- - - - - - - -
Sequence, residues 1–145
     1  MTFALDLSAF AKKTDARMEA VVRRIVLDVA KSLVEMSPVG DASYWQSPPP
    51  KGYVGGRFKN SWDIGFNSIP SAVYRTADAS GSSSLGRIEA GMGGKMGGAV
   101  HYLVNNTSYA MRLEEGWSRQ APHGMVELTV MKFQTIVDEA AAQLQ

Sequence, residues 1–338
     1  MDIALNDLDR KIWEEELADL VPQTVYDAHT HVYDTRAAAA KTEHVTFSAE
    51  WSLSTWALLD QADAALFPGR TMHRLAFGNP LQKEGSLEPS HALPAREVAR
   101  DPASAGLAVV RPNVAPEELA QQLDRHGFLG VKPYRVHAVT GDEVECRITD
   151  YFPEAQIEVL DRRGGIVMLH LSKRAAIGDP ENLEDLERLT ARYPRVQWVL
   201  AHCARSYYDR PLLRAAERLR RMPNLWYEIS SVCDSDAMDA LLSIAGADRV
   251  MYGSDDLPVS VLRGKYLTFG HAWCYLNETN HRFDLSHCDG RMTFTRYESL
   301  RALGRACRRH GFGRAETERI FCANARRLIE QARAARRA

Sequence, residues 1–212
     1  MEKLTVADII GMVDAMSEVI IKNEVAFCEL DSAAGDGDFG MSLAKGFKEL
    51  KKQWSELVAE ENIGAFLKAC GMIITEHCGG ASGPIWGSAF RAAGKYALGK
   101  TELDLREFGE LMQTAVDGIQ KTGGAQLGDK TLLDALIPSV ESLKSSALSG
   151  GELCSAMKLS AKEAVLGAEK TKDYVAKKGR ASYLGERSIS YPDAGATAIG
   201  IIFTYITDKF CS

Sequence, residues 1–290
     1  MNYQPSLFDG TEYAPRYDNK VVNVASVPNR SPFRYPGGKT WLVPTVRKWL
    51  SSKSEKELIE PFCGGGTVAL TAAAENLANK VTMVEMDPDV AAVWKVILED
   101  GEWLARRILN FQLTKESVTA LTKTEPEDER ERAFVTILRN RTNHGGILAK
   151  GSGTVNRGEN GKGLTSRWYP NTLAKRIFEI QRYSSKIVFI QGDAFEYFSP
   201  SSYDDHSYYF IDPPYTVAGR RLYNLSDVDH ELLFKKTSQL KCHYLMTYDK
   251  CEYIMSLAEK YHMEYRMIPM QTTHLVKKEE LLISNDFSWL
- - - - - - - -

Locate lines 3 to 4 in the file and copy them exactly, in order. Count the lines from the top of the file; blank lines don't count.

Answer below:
    51  KGYVGGRFKN SWDIGFNSIP SAVYRTADAS GSSSLGRIEA GMGGKMGGAV
   101  HYLVNNTSYA MRLEEGWSRQ APHGMVELTV MKFQTIVDEA AAQLQ